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Begin Your Journey with C

To initiate your learning in C, you require the following:

  • A text editor for crafting C code
  • A compiler like GCC to convert the C code into a machine-understandable language

There are various text editors and compilers to select from. For this tutorial, an IDE (Integrated Development Environment) will be used by us.

Setting up the C IDE

An IDE is a software suite that consolidates the basic tools needed to write and test the code. Popular IDEs include Code::Blocks, Eclipse, and Visual Studio which are all free to use and facilitate both the editing and debugging of C code.

Note: Although web-based IDEs can be used, they typically have more limitations compared to their desktop counterparts.

We recommend starting with Code::Blocks. The latest version can be downloaded from here.

Let's Start with C

Create your first C file by following the steps below:

  1. Open Codeblocks
  2. Go to File > New > Empty File
  3. Write the following C code and save the file as myfirstprogram.c:
#include <stdio.h>, int main() { printf("Welcome to Fynd Academy!"); return 0;}

The above code might seem incomprehensible for now, we'll break it down in later chapters. For now, concentrate on running the code.

Executing Your Code

After writing the code, it's time to run it. In Codeblocks, navigate to Build > Build and Run. Your result will look something like this:

Welcome to Fynd Academy!

Great job! You've just written and executed your first C program.

Your C Learning Journey with Fynd Academy

Learning C with Fynd Academy is facilitated by our "Practice it Yourself" tool. It concurrently illustrates the code and the outcome, simplifying every new part you learn:

#include <stdio.h>int main() { printf("Welcome to Fynd Academy!"); return 0;} Welcome to Fynd Academy!

Practice it Yourself »

Fynd Academy Pathfinder

Track your progress as you embark on your learning journey. Best of all, it's complimentary!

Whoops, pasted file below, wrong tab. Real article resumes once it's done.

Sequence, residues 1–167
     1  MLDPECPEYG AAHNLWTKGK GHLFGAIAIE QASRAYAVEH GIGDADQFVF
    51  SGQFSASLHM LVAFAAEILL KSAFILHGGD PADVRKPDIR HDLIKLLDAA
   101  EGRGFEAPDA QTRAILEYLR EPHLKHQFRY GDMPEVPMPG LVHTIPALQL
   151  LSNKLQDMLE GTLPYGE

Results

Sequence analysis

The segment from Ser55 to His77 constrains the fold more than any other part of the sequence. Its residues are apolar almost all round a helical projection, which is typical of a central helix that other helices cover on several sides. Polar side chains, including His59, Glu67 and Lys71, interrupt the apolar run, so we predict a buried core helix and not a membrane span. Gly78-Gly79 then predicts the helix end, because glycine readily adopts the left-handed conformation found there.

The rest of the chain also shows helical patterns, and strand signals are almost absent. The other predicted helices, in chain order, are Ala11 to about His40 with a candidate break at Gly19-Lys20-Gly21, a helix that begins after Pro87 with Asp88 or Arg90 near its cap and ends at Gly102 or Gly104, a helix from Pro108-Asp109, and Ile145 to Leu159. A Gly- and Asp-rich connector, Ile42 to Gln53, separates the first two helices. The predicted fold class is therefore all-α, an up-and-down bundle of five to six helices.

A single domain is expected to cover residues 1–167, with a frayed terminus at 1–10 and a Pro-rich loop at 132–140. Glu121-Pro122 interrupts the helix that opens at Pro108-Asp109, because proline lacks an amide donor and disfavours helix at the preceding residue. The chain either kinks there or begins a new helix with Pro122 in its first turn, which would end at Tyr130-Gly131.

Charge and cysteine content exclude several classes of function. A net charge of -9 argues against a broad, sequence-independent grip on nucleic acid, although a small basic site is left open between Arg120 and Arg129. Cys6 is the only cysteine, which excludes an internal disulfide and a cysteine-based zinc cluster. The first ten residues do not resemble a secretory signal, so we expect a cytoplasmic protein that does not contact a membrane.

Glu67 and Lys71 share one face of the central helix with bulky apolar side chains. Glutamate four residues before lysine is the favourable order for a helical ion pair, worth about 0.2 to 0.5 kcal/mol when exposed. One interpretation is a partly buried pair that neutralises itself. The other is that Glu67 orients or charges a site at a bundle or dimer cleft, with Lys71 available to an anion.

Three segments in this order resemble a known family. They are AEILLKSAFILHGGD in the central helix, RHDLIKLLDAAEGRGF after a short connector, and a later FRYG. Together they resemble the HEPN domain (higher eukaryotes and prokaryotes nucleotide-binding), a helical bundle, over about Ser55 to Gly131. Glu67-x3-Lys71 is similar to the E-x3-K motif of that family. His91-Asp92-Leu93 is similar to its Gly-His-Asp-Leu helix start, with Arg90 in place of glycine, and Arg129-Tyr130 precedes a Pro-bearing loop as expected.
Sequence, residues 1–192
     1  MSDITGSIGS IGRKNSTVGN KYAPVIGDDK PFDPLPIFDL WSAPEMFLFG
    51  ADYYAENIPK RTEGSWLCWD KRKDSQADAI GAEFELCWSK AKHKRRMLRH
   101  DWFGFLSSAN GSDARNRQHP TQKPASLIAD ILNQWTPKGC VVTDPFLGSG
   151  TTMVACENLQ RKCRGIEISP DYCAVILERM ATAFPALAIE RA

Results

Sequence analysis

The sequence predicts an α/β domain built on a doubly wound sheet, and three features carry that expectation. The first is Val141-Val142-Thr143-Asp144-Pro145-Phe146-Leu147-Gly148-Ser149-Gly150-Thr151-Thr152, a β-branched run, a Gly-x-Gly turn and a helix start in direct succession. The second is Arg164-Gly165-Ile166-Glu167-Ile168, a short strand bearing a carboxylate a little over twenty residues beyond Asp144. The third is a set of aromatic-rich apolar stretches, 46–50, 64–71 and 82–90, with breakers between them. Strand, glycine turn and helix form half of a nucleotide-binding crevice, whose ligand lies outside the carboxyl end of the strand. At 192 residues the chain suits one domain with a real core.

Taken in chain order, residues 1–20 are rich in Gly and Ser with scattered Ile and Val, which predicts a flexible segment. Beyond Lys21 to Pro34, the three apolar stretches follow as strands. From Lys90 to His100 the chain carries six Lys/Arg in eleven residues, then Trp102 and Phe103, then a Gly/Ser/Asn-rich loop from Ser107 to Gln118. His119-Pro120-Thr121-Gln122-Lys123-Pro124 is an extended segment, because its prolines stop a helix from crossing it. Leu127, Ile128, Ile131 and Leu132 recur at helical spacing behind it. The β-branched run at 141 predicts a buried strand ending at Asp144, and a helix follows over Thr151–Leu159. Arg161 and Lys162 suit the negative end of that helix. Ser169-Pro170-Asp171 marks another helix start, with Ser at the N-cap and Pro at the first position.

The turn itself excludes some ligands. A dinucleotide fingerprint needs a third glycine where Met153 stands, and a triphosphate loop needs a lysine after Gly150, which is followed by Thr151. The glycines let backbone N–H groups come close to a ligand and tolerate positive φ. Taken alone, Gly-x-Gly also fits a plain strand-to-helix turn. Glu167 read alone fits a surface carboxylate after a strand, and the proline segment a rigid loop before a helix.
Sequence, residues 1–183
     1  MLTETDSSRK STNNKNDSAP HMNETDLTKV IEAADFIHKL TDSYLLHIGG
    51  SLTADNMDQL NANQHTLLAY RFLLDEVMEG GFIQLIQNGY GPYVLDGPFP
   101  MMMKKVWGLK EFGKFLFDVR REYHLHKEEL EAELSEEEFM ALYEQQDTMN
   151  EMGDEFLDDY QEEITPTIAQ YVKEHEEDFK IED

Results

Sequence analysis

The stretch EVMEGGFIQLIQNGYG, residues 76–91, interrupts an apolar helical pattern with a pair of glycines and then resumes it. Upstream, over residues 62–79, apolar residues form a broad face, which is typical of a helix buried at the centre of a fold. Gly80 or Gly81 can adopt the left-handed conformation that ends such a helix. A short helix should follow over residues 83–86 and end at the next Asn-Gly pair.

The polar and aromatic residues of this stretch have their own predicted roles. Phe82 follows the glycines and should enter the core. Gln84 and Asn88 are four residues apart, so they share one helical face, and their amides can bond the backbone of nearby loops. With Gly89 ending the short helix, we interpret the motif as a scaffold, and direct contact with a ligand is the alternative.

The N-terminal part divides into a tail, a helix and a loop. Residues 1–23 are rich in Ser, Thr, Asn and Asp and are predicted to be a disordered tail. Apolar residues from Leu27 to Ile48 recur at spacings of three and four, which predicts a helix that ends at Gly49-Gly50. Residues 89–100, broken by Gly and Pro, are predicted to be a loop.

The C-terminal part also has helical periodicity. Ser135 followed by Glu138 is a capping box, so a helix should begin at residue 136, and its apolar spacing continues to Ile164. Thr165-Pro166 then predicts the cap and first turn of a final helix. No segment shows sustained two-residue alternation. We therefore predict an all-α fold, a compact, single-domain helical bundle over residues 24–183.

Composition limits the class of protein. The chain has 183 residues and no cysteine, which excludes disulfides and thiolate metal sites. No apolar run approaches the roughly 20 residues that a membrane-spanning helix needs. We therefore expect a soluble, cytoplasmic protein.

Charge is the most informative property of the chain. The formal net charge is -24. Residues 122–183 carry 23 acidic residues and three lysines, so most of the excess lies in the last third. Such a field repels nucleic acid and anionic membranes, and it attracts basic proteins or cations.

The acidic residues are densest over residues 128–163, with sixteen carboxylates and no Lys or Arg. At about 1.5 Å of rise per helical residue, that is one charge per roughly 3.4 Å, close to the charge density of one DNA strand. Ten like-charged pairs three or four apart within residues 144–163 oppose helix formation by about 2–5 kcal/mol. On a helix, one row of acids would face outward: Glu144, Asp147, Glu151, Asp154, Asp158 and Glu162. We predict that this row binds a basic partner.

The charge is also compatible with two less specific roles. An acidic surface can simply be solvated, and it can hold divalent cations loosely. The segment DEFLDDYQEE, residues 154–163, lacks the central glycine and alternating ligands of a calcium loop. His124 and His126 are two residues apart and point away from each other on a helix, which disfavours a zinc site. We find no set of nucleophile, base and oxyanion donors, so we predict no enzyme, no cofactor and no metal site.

C Pointers and Arrays Working with Arrays and Pointers Pointers can also be helpful for accessing arrays. Consider the following array of integers: ```html <p>Example</p> <pre> int myValues[4] = {25, 50, 75, 100}; </pre> ``` Normally, you loop through the array elements with a for loop: ```html <p>Example</p> <pre> int myValues[4] = {25, 50, 75, 100}; int index; for (index = 0; index < 4; index++) {   printf("%d\n", myValues[index]); } </pre> ``` What if, instead of printing the value of each array element, we print the memory address of each array element: ```html <p>Example</p> <pre> int myValues[4] = {25, 50, 75, 100}; int index; for (index = 0; index < 4; index++) {   printf("%p\n", &myValues[index]); } </pre> ``` The memory addresses of each element differ by 4 because an int type is typically 4 bytes: ```html <p>Example</p> <pre> // Create an int variable int myValues; // Get the memory size of an int printf("%lu", sizeof(myValues)); </pre> ``` So, for each array element, the compiler reserves 4 bytes of memory, meaning the entire array takes up 16 bytes (4 * 4) of memory storage: ```html <p>Example</p> <pre> int myValues[4] = {25, 50, 75, 100}; // Get the size of the myValues array printf("%lu", sizeof(myValues)); </pre> ``` Arrays Pointers Relationship The relationship between pointers and arrays is quite unique. In C, the name of an array is actually a pointer to the first element of the array: ```html <p>Example</p> <pre> int myValues[4] = {25, 50, 75, 100}; // Get the memory address of the myValues array printf("%p\n", myValues); // Get the memory address of the first array element printf("%p\n", &myValues[0]); </pre> ``` Furthermore, you can work with arrays through pointers! Since myValues is a pointer to the first element, it can be accessed by using the * operator: ```html <p>Example</p> <pre> int myValues[4] = {25, 50, 75, 100}; // Get the value of the first element in myValues printf("%d", *myValues); </pre> ``` You can access other elements by incrementing the pointer/array: ```html <p>Example</p> <pre> int myValues[4] = {25, 50, 75, 100}; // Get the value of the second element in myValues printf("%d\n", *(myValues + 1)); // Get the value of the third element in myValues printf("%d", *(myValues + 2));// // and so on.. </pre> ``` Or by looping through it: ```html <p>Example</p> <pre> int myValues[4] = {25, 50, 75, 100}; int *ptr = myValues; int index; for (index = 0; index < 4; index++) {   printf("%d\n", *(ptr + index)); } </pre> ``` With pointers, it's also possible to change the value of array elements: ```html <p>Example</p> <pre> int myValues[4] = {25, 50, 75, 100}; // Change the value of the first element to 13 *myValues = 13; // Change the value of the second element to 17 *(myValues + 1) = 17; // Get the value of the first element printf("%d\n", *myValues); // Get the value of the second element printf("%d\n", *(myValues + 1)); </pre> ``` Working with arrays via pointers might seem a bit complex as compared to simple arrays. However, for large arrays, accessing and manipulating arrays with pointers is much more efficient. It helps with accessing two-dimensional arrays and strings easier and faster. But remember, pointers have to be handled carefully to prevent overwriting other data stored in memory.